But it's not just the bigger or better-known stores and brands that are getting involved. Smaller personal-care businesses, particularly those that manufacture so-called natural products, are watching with interest what goes on in the industry nationally.

Wil Baker is a co-owner of Max Green Alchemy, a company in San Francisco that makes products for the body and hair. He agrees there's a lot of hearsay, rumor and accusations out there about which ingredients are beneficial and which are not.

"We decided it would be easier not to have some of those (questionable) ingredients in our products," he says. "For example, instead of using parabens (chemicals used as preservatives in cosmetics), we opted to use grapefruit-seed extract."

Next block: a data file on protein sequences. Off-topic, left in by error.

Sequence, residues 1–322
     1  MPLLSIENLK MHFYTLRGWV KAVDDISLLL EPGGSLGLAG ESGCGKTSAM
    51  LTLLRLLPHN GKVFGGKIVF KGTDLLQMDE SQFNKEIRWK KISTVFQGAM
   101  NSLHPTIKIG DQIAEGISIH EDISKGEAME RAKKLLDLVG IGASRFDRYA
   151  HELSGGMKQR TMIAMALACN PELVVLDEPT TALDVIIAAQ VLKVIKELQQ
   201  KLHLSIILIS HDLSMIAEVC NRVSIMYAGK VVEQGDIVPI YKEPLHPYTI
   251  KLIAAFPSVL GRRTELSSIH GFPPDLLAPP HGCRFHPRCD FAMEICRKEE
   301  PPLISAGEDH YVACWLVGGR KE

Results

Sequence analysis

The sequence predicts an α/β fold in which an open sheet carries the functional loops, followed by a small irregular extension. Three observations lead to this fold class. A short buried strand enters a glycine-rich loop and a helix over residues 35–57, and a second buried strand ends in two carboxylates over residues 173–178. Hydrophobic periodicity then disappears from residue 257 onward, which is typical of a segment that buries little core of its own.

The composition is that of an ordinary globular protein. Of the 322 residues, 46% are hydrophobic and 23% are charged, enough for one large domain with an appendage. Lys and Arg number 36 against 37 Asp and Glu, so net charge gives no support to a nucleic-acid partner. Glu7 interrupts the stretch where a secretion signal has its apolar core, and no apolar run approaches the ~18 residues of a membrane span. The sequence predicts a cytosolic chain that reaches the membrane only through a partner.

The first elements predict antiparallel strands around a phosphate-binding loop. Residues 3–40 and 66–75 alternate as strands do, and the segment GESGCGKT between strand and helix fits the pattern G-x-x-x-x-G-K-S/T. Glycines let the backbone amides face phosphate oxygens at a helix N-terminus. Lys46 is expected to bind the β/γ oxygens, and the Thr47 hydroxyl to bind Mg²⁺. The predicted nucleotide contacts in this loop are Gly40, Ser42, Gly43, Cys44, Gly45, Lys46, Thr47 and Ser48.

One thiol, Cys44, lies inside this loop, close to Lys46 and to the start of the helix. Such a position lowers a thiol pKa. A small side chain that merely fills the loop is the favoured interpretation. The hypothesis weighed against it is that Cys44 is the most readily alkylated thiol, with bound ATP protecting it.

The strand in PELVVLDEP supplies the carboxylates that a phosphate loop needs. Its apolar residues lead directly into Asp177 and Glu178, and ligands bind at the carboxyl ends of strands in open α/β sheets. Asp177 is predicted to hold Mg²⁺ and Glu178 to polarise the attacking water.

Still, pretty packaging and promises of newfound youth in a jar can go a long way to distract consumers from what might—or might not—be on the label.

"The marketing that goes on in this (the cosmetics) industry can be upsetting at best and unlawful at worst," says Dr. Julia Hunter, a skin specialist in Los Angeles.

"Most of what's in personal-care products are fillers with no therapeutic benefits," she asserts. "You might as well drink a bunch of water (for the health of your skin) and buy something cheap."

Hunter knows, however, that consumers make buying decisions based on a number of pitches: advertising (TV and magazines), celebrity endorsements (Halle Berry for Revlon), even a friend's advice.

And that translates into 15 to 20 personal-care products, or more, used every day, most of them from the neck up.